Walking the tightrope of compliance
The Law Society has struck back on the SFO's section 2 interviews, but to what effect, wonders Maia Cohen-Lask
On 6 June 2016, the Serious Fraud Office published new guidance on the conduct of interviews under section 2 of the Criminal Justice Act 1987. This was a clear attempt to limit the role of the interviewee's lawyer in the interview to little more than a note taker and source of 'pastoral support'. In response, defence lawyers universally expressed serious unease at the constraints being placed on their ability to effectively represent their clients.
That criticism was forthcoming from the community of defence practitioners is unsurprising. What is perhaps more significant is that the Law Society has decided to intervene in this debate. On 4 May 2017 the society published a practice note on representing clients at section 2 interviews. In doing so, Chancery Lane has come down firmly on the side of defence lawyers, saying that the SFO cannot 'dictate how that practitioner should conduct himself or herself in the performance of their professional role'.
The practice note considers the issues of professional conduct which arise in relation to the SFO guidance in three areas:
'¢ The conditions under which a lawyer will be permitted to attend a section 2 interview;
'¢ The undertakings sought by the SFO in advance of an interview; and
'¢ Conflicts of interest.
Perhaps the strongest statement comes in the Law Society's consideration of the first of these points. One of the most troubling aspects of the SFO guidance is that the lawyer must not do anything to 'undermine the free flow of full and truthful information', in order to be allowed to remain at the interview.
The practice note gets close to being openly critical of the SFO's stance with the following comments: 'You must not feel inhibited from intervening to provide advice'¦ You should bear in mind that section 2 (2) CJA 1987 enables the director to require the interviewee to 'answer questions or otherwise furnish information with respect to any matter relevant to the investigation'. This obligation should not be confused with, and does not imply, a requirement to be co-operative or helpful.'
Regarding the SFO's required undertakings, the practice note urges careful consideration by practitioners before agreeing them, and encourages lawyers to seek clarification of, and amendments to, the standard proposed undertakings. Many potential professional conduct issues are identified regarding each specific undertaking the SFO seeks.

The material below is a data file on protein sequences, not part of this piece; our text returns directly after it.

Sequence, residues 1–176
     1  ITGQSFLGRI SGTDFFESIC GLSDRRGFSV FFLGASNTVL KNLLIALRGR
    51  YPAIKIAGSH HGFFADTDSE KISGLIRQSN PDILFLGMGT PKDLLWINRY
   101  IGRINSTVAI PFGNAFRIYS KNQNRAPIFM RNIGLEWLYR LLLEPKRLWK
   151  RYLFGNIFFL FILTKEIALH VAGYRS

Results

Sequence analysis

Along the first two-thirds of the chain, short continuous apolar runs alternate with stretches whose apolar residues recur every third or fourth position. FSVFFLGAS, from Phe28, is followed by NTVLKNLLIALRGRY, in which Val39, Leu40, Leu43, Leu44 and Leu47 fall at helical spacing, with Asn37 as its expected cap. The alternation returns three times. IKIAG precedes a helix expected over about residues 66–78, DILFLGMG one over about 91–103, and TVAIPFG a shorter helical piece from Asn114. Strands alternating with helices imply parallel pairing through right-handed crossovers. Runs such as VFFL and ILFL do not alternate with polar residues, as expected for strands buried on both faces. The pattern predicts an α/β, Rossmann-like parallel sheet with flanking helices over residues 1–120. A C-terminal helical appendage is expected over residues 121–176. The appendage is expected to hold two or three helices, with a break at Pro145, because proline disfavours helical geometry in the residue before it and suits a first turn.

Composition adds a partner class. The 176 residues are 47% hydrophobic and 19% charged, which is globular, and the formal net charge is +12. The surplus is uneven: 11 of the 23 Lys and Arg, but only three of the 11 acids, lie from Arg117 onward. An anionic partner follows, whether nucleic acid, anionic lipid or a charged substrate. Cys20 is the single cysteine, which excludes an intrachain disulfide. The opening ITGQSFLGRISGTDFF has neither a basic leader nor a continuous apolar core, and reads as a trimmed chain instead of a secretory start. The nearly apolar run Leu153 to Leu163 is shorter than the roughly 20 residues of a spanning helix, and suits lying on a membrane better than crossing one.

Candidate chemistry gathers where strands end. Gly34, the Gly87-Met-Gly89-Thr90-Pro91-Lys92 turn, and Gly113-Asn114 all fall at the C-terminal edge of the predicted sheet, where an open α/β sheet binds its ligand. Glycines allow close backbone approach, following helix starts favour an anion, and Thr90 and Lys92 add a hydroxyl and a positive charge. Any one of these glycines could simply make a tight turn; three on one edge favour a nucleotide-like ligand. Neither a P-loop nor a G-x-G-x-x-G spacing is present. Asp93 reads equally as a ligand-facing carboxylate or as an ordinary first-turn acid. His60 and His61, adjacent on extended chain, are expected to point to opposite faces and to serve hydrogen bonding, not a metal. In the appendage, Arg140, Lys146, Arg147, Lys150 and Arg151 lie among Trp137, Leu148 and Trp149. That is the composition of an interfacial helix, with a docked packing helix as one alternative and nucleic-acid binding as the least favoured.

Overall, the practice note is supportive of a combative approach by practitioners. This intervention by the Law Society will be welcomed by practitioners and embolden them to challenge irrelevant or unreasonable lines of questioning, or to negotiate amendments to the undertakings. However, the reality is that, despite Law Society support, nothing has changed.
R (Lord & others) v SFO  EWHC 86 confirmed that there is no right to legal representation in a section 2 interview, and that the SFO has the power to exclude lawyers from such interviews in the event of a reasonably founded objection. This has manifestly shifted the power balance in section 2 interviews, and the Law Society's intervention has not altered this position.
Although lawyers may feel justified (or even obligated, given the Law Society's reminder that the SFO guidance does not override their SRA-imposed obligations) to take a more interventionist approach in section 2 interviews, there is no corresponding reason for the SFO to be any more accommodating to lawyers. If lawyers' increased assertiveness in support of their client leads to increased exclusions, it is the interviewee who loses out.
The Law Society recognises this risk, and offers little comfort: 'If you are excluded by the SFO in circumstances where you legitimately intervene during questioning, you should ensure that you have time to consult your client in private before leaving, in order to advise on the circumstances under which it would be proper not to answer questions.'
In other words, unless SFO questioning has strayed so far into the impermissible that the lawyer can confidently advise the client that they have a reasonable excuse for not answering questions '“ an extreme state of affairs that would require bold legal advice and an equally bold client '“ there is nothing they can do in the event of an unjustified exclusion.
While acting in the best interests of one's client may require regular intervention in an interview, it will rarely if ever be in the client's best interests for the lawyer to be excluded, and the client left to tackle an interview alone. Therefore, defence practitioners will still walk an extremely narrow tightrope of compliance with their professional obligations without infuriating the SFO sufficiently to be excluded from interview. Moreover, with other prosecution agencies beginning to emulate the SFO's approach (for example, HMRC in their conduct of interviews under section 62 SOCPA notices) defence lawyers will find themselves in this delicate situation more frequently.
In conclusion, unless the SFO demonstrates a concern for the desire of responsible defence lawyers to fulfil their professional obligations to their clients, the position of an interviewee is unlikely to be materially improved. Ultimately, it will take a well-aimed judicial review to redress the power imbalance.